J: Okay. Sales letter ...

M: Sales letter, then a regular blog post, like a how to guide, or something, and then the lead magnet as well inside, like telling you actually how to do something. Then an aggregator post is, again, we took the, you know, five examples of brands that have gone from invisible, or, how five of the best-known brands in the world went from launch to over a million dollars in under twelve months. You take their content on how they did it, because they all talk about this, they love talking about themselves, these kind of brands. You just take that kind of content. It would be, hear how Uber tells you how they went from launch to a million dollars, which is not, they went hundreds of millions of dollars in twelve months, but you look what they've written about.

Again, you could then say to Uber, hey, Uber, you made our list. You'd be surprised, we get some retweets from really big people. You say, hey, you made our list on the five most successful brands, or whatever, we'd love it if you tweeted this out, and they will. They'll retweet you and stuff, or even send it out. We've had a couple of people do it.

There's a ton of different ways, but at the moment, the basic stuff is, pay for your traffic. To a genuinely useful post.

J: Okay.

M: If you look at Dave Navarro, not the guitarist, but the launch coach, he has ass tons of traffic, and he has got three blog posts, I think. It's just because they're super useful. But you'd like, you should read Dave Navarro's stuff, because they're all worksheets, as well.

J: Oh, really?

M: Really useful.

J: Cool.

M: Yeah.

J: So he just literally has just three blog posts ...

M: Well, they are the blog posts, are the worksheets.

J: Oh, that's it.

M: Yeah.

J: That just drives all the traffic flows [crosstalk 00:16:35].

M: [crosstalk 00:16:35]. Yep, explodes the list.

J: By doing the traffic building stuff, or whatever.

M: The idea is, by this point, when they've signed up, you should be, none of this should put you off, you should be automating splinter products, and blah blah blah blah blah blah blah blah blah. That can, I overcomplicated that when I first started. I had splinter products set up, and membership sites, and stuff. You don't need to do that. If you build up a bunch of people at a time, you just say, hey, we're putting on this live webinar, and you continue to give them free content, and then you take that and package it up as a video and send it out to them, or an e-book that you've been writing in the meantime, that you sell to them, you don't need to overcomplicate it with a splinter product on the back end. You just need to keep them engaged. That's what you should be doing, with weekly newsletters, new blog posts, webinars, stuff like that.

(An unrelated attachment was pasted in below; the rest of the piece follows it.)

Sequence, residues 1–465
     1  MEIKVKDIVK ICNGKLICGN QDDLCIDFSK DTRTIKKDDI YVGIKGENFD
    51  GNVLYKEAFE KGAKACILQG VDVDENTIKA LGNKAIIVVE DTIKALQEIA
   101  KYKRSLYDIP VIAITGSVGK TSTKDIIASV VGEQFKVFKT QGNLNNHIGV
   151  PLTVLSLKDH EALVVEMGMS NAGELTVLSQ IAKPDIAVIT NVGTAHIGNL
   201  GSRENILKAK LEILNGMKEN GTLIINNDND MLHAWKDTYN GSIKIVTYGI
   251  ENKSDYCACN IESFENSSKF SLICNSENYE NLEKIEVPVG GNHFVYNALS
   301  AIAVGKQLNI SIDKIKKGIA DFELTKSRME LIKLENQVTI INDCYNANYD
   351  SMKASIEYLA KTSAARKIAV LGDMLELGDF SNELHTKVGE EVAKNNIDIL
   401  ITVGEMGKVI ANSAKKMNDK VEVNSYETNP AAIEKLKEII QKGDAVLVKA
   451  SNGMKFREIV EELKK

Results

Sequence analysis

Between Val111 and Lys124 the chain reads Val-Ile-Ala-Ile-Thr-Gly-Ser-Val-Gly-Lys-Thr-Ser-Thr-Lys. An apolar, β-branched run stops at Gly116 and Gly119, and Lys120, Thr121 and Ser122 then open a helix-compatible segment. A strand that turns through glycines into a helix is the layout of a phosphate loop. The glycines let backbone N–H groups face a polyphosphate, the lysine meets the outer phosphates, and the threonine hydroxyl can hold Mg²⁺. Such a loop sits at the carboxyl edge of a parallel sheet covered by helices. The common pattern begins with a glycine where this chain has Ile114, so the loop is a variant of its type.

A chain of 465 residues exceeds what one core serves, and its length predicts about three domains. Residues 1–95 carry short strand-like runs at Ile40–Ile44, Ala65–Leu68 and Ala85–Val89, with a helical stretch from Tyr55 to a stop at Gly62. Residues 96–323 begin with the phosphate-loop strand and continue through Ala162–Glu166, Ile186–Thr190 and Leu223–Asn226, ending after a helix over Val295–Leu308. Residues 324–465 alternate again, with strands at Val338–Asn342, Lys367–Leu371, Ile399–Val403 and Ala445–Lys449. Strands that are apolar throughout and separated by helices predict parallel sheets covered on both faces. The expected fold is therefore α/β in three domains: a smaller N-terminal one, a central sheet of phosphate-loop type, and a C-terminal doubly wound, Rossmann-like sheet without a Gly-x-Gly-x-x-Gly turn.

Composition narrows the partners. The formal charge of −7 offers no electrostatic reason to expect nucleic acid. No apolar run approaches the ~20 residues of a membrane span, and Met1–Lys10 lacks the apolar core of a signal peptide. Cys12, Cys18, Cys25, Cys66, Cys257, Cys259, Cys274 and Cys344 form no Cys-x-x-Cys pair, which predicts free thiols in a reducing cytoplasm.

Yeah, it's really tough to start with.

J: When you say about new blog posts, you say like, Dave Navarro's only got three blog posts?

M: Yeah, if you published another one obviously you'd send that out, but it doesn't have to be about that. It could be curated content. You'll see a lot of newsletters promote content that other people are writing, because it's still useful content, and you want to be seen as the one who's sharing it. It's basically like Facebook sharing, but via email, so you might find a blog post that's useful and just share that out.

That's, again, that's another hard bit. People that ... A list has got a half life, it decays over time, you know?

J: Yeah, exactly.

M: It's just keeping them engaged, but Sean Mize, for example, he doesn't always send them content. He'll send questions, and he'll send saying something like, hey, what do you actually want to achieve this month? Or, Tell me what the biggest obstacle is in your business? He just keeps up dialogue with them.